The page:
What Do We Vaccinate Against?

In the UK, there are four major killer diseases that we vaccinate against; these are the important
infectious killer diseases:

Then there are two minor diseases, both of which are causes of a syndrome which we call “Kennel

Vaccination Regime

Between 6 and 8 weeks of age, a single injection of Leptospirosis vaccine is given.
At 10 weeks of age, (which must be at least 2 weeks after the first vaccine), a single injection of
Leptospirosis, Distemper, Parvovirus, Hepatitis and Parainfluenza vaccine is given.

Rabies vaccines can be given from 3 months old. Only one dose is required.

A Brief Description of the Diseases


Also known as “Hardpad”, this is a virus closely related to the human measles virus. Unlike measles,
distemper is nearly always fatal. The virus enters the body via the tonsils, and quickly spreads to
the intestines where it causes diarrhoea. It goes on to the lungs, causing pneumonia, and a very
characteristic conjunctivitis. Eventually, it reaches the brain, causing fits. The small percentage of
dogs which survive, often suffer fits long term, or develop a continuous muscular twitch. This can
involve any muscle, but typically it is one of the leg or face. The footpads become thickened and hard,
hence the term hardpad. Vaccination is very effective at preventing distemper.


This is a relatively new virus. It first appeared in 1979, and was the cause of death of millions of
dogs worldwide. It causes a severe sort of dysentery (bloody diarrhoea), where the whole intestinal
lining is destroyed, and invaded by bacteria. Although death is very common with parvovirus, it is not
inevitable. Very young pups stand little chance of survival, but larger ones frequently do survive with
prompt treatment. Vaccination is very effective at preventing parvovirus disease.


This is a viral infection of the liver, also known as “Rubarth’s Disease.” Jaundice and rapid death are the main symptoms. Vaccination is very effective at preventing this disease.


This is a bacterial disease, contracted typically from areas frequented by rats, and other small
rodents, especially dirty water courses. There are two distinct strains of leptospirosis. One causes
a hepatitis, resulting in jaundice and rapid death. The other, more common form affects the kidney.
The only symptoms may be a raised temperature, and the dog may appear to be only slightly unwell.
Recovery is common, especially with antibiotics, but a cycle of continuing, irreversible renal damage
is set in motion, which will not become apparent until about 75% of the kidney’s functional capacity
has been destroyed. Affected individuals eventually die of kidney failure. Vaccination is very effective at preventing this disease.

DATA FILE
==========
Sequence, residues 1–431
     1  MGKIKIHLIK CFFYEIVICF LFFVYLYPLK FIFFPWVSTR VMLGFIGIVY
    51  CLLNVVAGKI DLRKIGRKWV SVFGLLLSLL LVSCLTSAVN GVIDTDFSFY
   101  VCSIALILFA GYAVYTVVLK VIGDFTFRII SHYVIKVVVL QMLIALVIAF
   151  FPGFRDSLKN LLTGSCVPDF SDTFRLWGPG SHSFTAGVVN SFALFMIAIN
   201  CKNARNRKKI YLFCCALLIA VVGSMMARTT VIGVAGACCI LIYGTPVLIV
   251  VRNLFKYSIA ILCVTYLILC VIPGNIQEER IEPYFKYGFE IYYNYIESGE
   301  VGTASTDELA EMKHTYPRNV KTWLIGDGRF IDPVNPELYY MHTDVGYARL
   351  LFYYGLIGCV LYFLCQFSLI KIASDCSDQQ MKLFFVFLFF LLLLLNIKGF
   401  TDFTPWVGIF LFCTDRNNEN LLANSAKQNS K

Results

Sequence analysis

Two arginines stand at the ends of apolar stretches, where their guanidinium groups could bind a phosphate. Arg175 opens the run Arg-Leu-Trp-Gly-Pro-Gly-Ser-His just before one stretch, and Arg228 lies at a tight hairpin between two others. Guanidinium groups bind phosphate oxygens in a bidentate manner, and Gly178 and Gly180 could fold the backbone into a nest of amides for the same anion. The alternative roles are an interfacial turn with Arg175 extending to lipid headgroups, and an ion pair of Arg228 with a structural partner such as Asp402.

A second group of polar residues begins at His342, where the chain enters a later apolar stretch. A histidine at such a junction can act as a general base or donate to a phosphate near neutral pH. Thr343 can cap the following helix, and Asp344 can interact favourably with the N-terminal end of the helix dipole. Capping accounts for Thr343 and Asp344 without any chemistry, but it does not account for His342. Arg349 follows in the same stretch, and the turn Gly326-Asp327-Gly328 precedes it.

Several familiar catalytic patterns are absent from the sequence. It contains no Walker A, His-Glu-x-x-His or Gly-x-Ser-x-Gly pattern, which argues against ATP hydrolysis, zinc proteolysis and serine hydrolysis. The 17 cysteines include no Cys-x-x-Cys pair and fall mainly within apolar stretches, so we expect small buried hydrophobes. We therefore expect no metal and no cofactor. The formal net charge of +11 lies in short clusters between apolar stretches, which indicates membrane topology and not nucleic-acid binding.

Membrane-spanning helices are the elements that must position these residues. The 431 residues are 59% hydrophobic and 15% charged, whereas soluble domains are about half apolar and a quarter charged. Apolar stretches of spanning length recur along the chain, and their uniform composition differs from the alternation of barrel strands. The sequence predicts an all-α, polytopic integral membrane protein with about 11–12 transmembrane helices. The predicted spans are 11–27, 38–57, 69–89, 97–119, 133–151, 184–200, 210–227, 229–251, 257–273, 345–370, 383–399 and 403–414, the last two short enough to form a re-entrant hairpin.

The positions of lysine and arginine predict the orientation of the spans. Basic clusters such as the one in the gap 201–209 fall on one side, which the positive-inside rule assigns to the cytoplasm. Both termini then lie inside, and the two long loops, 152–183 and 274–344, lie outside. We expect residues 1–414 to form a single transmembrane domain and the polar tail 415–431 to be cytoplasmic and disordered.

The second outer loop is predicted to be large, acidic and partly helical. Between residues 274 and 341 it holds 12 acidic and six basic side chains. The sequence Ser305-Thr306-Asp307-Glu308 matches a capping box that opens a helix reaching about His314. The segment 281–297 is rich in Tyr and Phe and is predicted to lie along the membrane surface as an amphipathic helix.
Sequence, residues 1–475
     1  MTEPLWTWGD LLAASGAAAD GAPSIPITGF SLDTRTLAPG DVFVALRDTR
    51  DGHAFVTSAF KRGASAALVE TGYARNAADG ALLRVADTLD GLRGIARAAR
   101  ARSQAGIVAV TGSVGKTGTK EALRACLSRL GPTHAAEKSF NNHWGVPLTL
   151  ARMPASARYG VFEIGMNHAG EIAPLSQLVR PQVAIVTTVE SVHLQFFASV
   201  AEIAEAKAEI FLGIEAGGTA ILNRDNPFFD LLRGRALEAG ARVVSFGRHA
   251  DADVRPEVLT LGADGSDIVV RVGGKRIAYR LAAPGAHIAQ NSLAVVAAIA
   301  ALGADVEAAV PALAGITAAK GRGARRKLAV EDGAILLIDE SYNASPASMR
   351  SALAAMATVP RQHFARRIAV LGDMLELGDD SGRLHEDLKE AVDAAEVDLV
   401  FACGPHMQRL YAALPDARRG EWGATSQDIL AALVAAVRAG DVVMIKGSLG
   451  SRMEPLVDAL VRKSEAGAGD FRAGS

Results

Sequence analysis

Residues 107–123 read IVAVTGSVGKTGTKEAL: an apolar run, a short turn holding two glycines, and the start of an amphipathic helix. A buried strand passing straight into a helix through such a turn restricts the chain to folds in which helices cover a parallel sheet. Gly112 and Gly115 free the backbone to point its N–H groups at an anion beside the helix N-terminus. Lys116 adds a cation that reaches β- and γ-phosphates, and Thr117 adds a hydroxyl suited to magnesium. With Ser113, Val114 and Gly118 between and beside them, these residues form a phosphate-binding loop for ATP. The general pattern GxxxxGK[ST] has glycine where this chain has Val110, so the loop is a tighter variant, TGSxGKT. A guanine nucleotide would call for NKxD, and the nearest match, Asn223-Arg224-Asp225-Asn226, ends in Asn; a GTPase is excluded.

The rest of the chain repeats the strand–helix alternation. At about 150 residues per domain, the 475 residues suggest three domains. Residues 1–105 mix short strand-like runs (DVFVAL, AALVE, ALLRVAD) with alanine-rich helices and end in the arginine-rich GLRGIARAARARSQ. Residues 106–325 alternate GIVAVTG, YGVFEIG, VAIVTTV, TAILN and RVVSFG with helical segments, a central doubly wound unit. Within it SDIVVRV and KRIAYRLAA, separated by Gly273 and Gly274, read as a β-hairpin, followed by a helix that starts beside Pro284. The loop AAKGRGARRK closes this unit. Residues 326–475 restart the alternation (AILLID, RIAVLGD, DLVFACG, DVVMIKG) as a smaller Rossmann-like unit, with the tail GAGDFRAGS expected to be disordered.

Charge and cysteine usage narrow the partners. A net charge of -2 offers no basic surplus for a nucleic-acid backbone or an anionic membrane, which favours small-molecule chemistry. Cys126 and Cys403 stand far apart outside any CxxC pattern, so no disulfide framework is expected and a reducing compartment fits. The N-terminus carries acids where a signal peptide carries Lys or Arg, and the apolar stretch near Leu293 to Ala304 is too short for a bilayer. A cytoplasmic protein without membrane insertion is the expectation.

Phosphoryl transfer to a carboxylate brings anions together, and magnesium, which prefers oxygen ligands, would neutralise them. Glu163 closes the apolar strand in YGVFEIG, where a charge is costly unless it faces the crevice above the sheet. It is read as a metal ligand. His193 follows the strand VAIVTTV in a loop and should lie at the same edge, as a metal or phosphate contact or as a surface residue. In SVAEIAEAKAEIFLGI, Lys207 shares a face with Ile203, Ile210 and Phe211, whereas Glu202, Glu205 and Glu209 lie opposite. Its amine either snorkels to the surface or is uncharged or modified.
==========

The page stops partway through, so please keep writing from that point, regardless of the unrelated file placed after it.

This is a viral disease, one of the more important causes of “Kennel Cough”. It is generally a mild
cough that spreads rapidly where dogs are kept closely confined. A small proportion of dogs will
develop a much more serious cough which may last for many months.


This is a bacterial disease, probably the most important cause of “Kennel Cough”, also known as
infectious bronchitis. It generally causes a more severe disease than parainfluenza, with harsher
coughing and debilitation in some individuals. Most dogs make a good recovery, but coughing can
persist for many months.

Vaccination against parainfluenza and bordetella is best achieved by an intranasal vaccine. This is
not essential for most dogs, except where there is increased risk. This is typically just before going
into boarding kennels, or perhaps dog training classes. The parainfluenza vaccine administered with
the routine vaccination course should not be relied upon.


We are fortunate in the UK in that we have been rabies free since the 1920s, except for a couple of
isolated cases in bats. It is to prevent the introduction of this disease that the UK (and many other
countries), imposes a 6 month quarantine period on certain mammals entering the country. The
requirement for quarantine changed on 28 February 2000, and under certain circumstances it is now
possible to avoid quarantine.

Rabies is a viral disease, that usually enters the body via the skin due to an infected bite, although
spread through the air can also occur. The virus infects the nervous system, and slowly spreads
to the brain. This process can take many months, and results in excessive salivation, paralysis,
behavioural changes, fits, and eventually death. This virus is readily transmissible to humans, and
humans are fully susceptible to this virus. Vaccination is very effective at preventing this disease.